Losing It


My dad is losing his mind. He’s always been pretty difficult to navigate, but in the last five years he has gone from being the guy who occasionally repeats a story he told you last week then smirks sheepishly at his mistake to the guy that repeats the same story five or six times in the same weekend while you make increasingly less patient attempts to nod along and humour him. The last time I let him under the bonnet of my car to perform a simple oil change he ended up removing a cooling hose, informing me that it “was pretty much useless anyway.” (Well, no, Dad- it’s probably a vital part of the mechanical integrity of my car, given the fact that it was there in the first place.)

To say that he’s losing his mind might sound like a complete over-statement, and without a lengthy explanation of my father’s mental history it probably is; so to get you up to speed, let me simply state that while Dad has one of the hungriest and sharpest intellects I have ever come across, the scars of his torturous childhood have left him with the emotional intelligence and coping skills of a potato. This paired with a raft of mental illnesses, the majority of which have neither been formally diagnosed nor treated, has created a mess of a human being. He has always tried hard, and he truly loves me and my brother and my Mum in his own mad, fervent and completely irrational way, but he’s broken. He just doesn’t know how to function in the world, and he’s not as good at hiding it as he used to be.

This fractured existence is, at different times, equally entertaining and upsetting. For instance, the time that Dad proudly relayed the conversation he’d had with my 12-year-old cousin asking if he was “getting some poontang” at high school, and then listened in bewilderment and disbelief as I translated the phrase as meaning “having lots of sexual intercourse” while my mother erupted into hysterical and slightly horrified laughter: entertaining. The unconscious yelling and kicking in his sleep: upsetting. The time he mixed up his medication and sleepwalked outside after sleep-unlocking the front door and then proceeded to sleep-tidy the front yard in his underpants: entertaining. The time he stopped taking his meds because he was paranoid that we were trying to get him addicted to them: upsetting. His refusal to watch any of “that gay Masterchef shit” and his complete loyalty to Better Homes and Gardens as his only source of homemaking and gardening advice: entertaining. The time he tried to seduce my best friend with the hopes of starting an affair and then tried to pass it off as an episode of food poisoning: upsetting. The time he  offered to meet Mum at work and take her out for lunch, then refused to take her anywhere but McDonald’s because he didn’t want to eat “another fucking lentil salad” despite the fact that she can’t eat anything off the Maccas menu because she’s gluten intolerant and besides, he doesn’t even like McDonald’s and has never been made to eat a lentil salad in his life: in hindsight, entertaining.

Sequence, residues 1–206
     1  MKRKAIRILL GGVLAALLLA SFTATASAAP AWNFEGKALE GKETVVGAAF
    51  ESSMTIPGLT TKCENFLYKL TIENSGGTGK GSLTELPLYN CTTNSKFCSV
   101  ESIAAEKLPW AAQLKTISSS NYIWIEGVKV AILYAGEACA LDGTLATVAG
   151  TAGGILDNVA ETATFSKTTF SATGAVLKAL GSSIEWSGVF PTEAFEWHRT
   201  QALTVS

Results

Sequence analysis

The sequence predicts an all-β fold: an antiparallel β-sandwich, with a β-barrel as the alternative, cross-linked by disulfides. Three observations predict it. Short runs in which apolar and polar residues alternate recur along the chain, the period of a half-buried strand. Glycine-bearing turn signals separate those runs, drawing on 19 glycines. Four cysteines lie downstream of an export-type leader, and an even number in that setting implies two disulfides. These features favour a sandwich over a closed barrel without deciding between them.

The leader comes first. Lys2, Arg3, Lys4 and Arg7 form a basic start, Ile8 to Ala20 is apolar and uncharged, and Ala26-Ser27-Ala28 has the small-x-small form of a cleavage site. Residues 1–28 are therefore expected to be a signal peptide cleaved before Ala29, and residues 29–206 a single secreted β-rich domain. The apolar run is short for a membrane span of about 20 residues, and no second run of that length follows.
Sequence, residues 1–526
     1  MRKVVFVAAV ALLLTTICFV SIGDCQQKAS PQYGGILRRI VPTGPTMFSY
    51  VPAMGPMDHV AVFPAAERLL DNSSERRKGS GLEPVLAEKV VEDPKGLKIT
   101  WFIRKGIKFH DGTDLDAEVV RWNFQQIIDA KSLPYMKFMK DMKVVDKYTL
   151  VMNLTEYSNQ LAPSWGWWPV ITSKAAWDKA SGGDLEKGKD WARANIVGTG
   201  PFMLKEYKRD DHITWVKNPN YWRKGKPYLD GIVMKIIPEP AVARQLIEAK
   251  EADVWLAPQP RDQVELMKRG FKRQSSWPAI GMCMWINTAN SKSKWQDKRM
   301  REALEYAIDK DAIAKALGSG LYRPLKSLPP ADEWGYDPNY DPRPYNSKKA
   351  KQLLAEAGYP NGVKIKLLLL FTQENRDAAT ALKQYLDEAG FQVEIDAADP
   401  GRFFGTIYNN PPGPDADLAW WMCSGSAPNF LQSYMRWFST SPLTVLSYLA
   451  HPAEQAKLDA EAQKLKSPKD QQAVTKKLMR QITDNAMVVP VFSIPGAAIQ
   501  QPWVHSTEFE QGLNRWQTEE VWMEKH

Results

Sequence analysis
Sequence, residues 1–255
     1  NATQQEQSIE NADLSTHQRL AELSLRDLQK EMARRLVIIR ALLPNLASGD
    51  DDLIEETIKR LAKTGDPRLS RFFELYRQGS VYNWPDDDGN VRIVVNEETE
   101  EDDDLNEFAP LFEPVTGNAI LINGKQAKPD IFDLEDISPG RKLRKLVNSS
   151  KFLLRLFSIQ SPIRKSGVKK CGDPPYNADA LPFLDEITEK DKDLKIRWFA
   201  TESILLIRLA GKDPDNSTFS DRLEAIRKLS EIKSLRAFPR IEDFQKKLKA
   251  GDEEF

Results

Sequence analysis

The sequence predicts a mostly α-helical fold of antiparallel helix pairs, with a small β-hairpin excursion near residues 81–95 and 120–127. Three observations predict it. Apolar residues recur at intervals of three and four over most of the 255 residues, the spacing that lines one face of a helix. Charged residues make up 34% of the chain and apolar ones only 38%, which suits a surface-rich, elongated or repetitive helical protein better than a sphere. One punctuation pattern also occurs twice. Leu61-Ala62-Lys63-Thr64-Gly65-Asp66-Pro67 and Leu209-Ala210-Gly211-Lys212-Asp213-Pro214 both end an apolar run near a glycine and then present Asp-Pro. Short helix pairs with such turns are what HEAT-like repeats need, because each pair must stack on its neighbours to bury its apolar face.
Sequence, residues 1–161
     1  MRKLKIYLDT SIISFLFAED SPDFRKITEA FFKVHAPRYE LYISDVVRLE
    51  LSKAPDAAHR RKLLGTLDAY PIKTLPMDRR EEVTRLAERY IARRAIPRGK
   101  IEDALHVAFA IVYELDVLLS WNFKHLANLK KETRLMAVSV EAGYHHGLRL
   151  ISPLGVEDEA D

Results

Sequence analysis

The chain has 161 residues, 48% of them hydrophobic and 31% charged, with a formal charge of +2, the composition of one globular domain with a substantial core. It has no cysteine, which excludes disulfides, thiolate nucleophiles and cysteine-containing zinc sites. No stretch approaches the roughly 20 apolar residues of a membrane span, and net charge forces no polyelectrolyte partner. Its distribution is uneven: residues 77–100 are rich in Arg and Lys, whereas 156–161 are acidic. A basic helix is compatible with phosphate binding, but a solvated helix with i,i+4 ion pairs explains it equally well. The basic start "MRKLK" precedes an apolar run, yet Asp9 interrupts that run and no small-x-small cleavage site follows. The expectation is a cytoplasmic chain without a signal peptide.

It’s going to get harder. As it is, not many people are aware that all of this is happening beneath the surface. His quirks and irritability are often excused by others as the result of an “off day,” or  being “just his way.” But even at this early stage there are times when I weep in despair – not for Dad, but for my incredibly long-suffering and remarkably strong mother, who somehow manages to keep it together even when he’s throwing plates around the kitchen or hiding the remote from her because it’s the only sense of control he feels now that he is unemployed and spends his days alone. How will she cope when he becomes more erratic, more insular, more paranoid? I can’t handle it. It makes me too sad. I am physically ill with the thought of it.

So, instead, I like to imagine my dad’s inevitable mental decline as his transformation into the full cast of characters from Seinfeld. His growing assortment of irrational neuroses and strong rage impulse are simply the work of his inner George Costanza. His egotism and complete reliance on routine are just his Jerry-isms, no biggie. The ease with which he is irritated by anyone and anything around him can be attributed to the Elaine Benes side of Dad’s personality; while the occasional, completely ridiculous and nonsensical verbal outbursts and physical tics can be put down to a case of the Kramers. 

It doesn’t stop the situation from being what it is, but it certainly makes it easier to live with. And since it’s been a good 15 years since the last episode of Seinfeld aired, there’s a part of me that can’t wait to see what Jerry and the gang get up to next.